Application Scenario

This post is the second part of our public paper writing experiment for the SAC 2012, the 27th Symposium On Applied Computing. The complete version of the paper can be foundhere and will change in the in the course of the next weeks.

We now introduce a more complex application scenario. The organization of music festivals is a complex task and requires the coordination of dozens of mobile workers which offer security, technical or other support (human provided) services on a festival site. Basically, these workers are in charge of maintaining the functioning of the festival infrastructure (power generators, stage lighting, sound) and ensure the safety of the spectators.
In our application scenario, we consider the case of having problems with power outages on one of the festival stages, due to problems with the local power supply. To solve this problem, we require to organize an auxiliary power generator and to transport it to the stage. This process involves the coordination of local workers and services which provide the power generator and for the transport of the power generator.
For example, the power generator transport team needs to know about the characteristics of the festival location, like narrow roads or other obstacles that can hinder the transport. The security workers must know when the power generator arrives, to clear the transportation route (e.g., moving spectators away) in time and to lead the transport team to the stage. Stage technicians must inform the provider of the power generator about the electrical specifications that are necessary to connect the power generator to the stage.
While scenarios like the aforementioned can be modeled and handled with existing workflow languages and systems, there are several challenges that limit the application of existing workflow systems.

2.1 Challenge One: Context information
It is very difficult to foresee exceptions during the design of a workflow. In particular, in scenarios like festivals, we need to handle different physical execution contexts. For instance, the transportation of a power generator may be difficult to a festival location A, because of infrastructure limitations (narrow or muddy roads). The same might pose no problem on festival location B, because B has a highway nearby. Thus, we need to weave contextual information into the workflow at design time, which in fact can only be known at the location. This context information can take various formats: photos of the festival location can inform transport teams about the condition of roads (e.g., a muddy road because of rain), sensor data of mobile phones can give the exact geo location (instead of the address which can be ambiguous).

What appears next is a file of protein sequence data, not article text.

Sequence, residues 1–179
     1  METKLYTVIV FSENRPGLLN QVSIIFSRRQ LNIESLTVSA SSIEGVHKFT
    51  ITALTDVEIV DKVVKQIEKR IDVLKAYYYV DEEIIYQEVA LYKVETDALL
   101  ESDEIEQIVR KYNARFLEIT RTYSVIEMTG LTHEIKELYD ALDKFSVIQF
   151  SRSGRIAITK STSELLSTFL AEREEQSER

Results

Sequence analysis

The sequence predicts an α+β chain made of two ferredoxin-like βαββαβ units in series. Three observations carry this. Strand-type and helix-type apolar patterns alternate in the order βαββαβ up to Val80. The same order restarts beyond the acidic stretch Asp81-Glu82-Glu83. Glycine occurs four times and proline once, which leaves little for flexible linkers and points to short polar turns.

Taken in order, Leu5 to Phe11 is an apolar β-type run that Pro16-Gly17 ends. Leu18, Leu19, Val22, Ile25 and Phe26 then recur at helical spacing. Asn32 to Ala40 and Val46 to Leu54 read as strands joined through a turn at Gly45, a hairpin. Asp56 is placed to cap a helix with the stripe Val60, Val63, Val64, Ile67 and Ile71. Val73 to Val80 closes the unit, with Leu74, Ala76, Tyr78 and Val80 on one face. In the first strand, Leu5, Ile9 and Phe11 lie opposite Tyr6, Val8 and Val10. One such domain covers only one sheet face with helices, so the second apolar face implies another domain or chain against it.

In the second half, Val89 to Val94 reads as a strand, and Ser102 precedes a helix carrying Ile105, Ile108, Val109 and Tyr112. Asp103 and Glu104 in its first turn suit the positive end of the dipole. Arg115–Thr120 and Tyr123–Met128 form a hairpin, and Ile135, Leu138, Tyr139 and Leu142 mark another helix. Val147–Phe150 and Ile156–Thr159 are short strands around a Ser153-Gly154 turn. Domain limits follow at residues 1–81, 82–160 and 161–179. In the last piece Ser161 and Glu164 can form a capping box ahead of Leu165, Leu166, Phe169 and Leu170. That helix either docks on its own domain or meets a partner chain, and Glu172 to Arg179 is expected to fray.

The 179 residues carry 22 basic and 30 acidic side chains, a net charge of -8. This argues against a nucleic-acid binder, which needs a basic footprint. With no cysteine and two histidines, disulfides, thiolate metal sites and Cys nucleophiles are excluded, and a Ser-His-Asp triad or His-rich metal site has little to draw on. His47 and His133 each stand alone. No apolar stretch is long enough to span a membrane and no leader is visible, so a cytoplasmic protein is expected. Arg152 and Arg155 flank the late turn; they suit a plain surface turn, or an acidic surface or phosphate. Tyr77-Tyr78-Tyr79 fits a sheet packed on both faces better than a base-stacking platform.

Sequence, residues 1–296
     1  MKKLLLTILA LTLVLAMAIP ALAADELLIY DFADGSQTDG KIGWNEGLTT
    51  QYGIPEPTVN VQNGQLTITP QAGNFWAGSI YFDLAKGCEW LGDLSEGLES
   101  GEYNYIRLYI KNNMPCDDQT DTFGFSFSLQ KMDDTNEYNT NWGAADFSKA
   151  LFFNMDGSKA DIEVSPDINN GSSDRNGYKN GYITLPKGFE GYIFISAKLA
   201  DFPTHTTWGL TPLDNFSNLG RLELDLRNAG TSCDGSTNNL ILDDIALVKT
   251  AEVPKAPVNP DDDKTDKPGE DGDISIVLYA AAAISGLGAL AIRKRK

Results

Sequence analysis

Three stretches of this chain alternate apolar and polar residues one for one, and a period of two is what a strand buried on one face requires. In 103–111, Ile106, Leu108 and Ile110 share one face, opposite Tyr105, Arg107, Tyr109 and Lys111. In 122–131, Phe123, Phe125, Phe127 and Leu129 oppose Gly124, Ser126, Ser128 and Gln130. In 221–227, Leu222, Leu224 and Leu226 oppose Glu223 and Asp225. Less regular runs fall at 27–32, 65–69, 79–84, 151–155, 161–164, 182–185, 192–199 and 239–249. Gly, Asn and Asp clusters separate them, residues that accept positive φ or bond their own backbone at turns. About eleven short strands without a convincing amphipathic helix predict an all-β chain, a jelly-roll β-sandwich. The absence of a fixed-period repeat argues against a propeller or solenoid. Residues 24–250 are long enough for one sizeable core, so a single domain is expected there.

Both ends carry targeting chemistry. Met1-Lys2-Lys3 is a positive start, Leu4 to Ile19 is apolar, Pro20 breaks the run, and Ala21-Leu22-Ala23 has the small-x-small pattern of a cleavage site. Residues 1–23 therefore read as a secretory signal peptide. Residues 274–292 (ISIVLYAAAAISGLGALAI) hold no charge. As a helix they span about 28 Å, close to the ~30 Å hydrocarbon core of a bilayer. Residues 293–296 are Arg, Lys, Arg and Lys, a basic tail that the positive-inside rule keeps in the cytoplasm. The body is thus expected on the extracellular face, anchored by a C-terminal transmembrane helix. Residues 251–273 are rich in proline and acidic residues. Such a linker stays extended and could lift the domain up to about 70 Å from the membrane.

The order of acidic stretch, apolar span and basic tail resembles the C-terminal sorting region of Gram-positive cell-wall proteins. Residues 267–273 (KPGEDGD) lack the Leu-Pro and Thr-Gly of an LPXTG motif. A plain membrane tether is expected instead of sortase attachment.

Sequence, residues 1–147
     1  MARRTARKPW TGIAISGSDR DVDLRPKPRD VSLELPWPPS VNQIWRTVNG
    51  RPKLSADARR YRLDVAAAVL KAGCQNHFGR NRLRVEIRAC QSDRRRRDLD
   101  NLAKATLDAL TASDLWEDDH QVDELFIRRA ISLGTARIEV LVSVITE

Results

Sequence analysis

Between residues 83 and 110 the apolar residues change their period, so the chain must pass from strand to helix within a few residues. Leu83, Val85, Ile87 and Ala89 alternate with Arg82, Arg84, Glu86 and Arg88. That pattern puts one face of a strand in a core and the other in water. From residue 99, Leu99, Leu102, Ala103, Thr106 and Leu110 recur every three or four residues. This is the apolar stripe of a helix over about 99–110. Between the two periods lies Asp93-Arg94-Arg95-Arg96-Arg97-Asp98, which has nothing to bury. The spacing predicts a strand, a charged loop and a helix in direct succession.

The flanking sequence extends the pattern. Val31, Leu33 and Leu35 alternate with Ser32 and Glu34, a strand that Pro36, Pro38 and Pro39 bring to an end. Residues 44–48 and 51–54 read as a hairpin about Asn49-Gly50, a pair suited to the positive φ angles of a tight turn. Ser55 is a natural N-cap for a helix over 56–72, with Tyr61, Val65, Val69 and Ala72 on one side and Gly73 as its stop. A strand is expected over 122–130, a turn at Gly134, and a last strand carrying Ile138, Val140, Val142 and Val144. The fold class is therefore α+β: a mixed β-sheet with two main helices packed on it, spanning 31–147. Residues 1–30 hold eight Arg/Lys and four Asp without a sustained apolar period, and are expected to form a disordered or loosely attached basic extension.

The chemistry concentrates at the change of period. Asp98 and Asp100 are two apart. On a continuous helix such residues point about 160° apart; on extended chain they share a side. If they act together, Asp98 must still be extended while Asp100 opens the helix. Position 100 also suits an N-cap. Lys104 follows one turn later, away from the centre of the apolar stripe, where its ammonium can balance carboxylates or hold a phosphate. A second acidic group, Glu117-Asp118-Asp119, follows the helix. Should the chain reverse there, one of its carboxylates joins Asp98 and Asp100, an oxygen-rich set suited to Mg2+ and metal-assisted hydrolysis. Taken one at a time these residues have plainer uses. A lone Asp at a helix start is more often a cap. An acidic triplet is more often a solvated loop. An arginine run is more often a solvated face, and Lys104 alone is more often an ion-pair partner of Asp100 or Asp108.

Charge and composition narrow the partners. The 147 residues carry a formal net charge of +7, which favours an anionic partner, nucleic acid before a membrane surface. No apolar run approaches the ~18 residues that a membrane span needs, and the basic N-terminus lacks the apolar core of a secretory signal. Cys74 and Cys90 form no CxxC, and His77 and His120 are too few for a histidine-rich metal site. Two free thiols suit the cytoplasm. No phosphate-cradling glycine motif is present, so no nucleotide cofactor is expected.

2.2 Challenge Two: Ad hoc creation of a workflow in a mobile environment
Workflow editors are tools (Active BPEL, express flow) that require at least a laptop to work. While laptops are per-se mobile, the size of a laptop limits its mobility. In scenarios like festivals, creating ad hoc workflows that includes context information, walking around with a laptop is not practical. In addition, laptops might do not provide the necessary sensor array to capture context information (GPS data, camera). Consequently, we need a tool that can be used on mobile phones to create the workflow in situ and be able to integrate sensor data (GPS, pictures) during the design of the workflow.

2.3 Challenge Three: Lightweight communication interfaces
Workflow languages like BPEL provide a large set on functions that are not used for ad hoc coordination (transactions, rollback). Evidently, BPEL has simply a different design goal which hinders its application in the mobile domain: connect and coordinate businesses and exchange data between businesses with complex business processes. On a conceptual level, we do the same in our working scenario: we connect different service providers and coordinate their activities. However, we operate on a different scale in terms of hardware and software. Our workers have access to services on their mobile devices (e.g., google maps) which do not offer a BPEL compatible service interfaces. Thus, we need to integrate these mobile services with a lightweight coordination and communication infrastructure which is available on mobile devices.

2.4 Challenge Four: Working the Crowd
In contrast to traditional workflow systems which are used in static settings with a small number of participants, we have a considerably larger number of participants (which may be subject to change). As discussed in our scenario, we may have to get context data like photos of the location. For this purpose, we can advise local workers and volunteers to take pictures of different areas of the location with their mobile devices. After selecting the most meaningful location photos (entry gates, streets, transportation routes), the transport team can access these and assess the characteristics of the festival location for selecting the proper transport vehicle. This task requires the ability to address a crowd consisting of volunteers and local workers in order to perform a specific task.

your ikangai science team

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